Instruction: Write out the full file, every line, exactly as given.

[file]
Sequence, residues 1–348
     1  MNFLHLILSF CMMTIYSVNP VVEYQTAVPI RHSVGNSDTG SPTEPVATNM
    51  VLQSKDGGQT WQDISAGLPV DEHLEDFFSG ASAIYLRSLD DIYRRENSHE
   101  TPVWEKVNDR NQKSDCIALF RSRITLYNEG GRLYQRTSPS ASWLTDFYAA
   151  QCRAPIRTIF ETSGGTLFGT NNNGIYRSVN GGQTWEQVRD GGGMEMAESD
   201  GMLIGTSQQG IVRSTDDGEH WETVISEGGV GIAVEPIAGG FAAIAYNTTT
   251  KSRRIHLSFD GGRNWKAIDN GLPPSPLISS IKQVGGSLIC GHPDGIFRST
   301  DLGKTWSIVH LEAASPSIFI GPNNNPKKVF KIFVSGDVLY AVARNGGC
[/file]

Sequence, residues 1–348
     1  MNFLHLILSF CMMTIYSVNP VVEYQTAVPI RHSVGNSDTG SPTEPVATNM
    51  VLQSKDGGQT WQDISAGLPV DEHLEDFFSG ASAIYLRSLD DIYRRENSHE
   101  TPVWEKVNDR NQKSDCIALF RSRITLYNEG GRLYQRTSPS ASWLTDFYAA
   151  QCRAPIRTIF ETSGGTLFGT NNNGIYRSVN GGQTWEQVRD GGGMEMAESD
   201  GMLIGTSQQG IVRSTDDGEH WETVISEGGV GIAVEPIAGG FAAIAYNTTT
   251  KSRRIHLSFD GGRNWKAIDN GLPPSPLISS IKQVGGSLIC GHPDGIFRST
   301  DLGKTWSIVH LEAASPSIFI GPNNNPKKVF KIFVSGDVLY AVARNGGC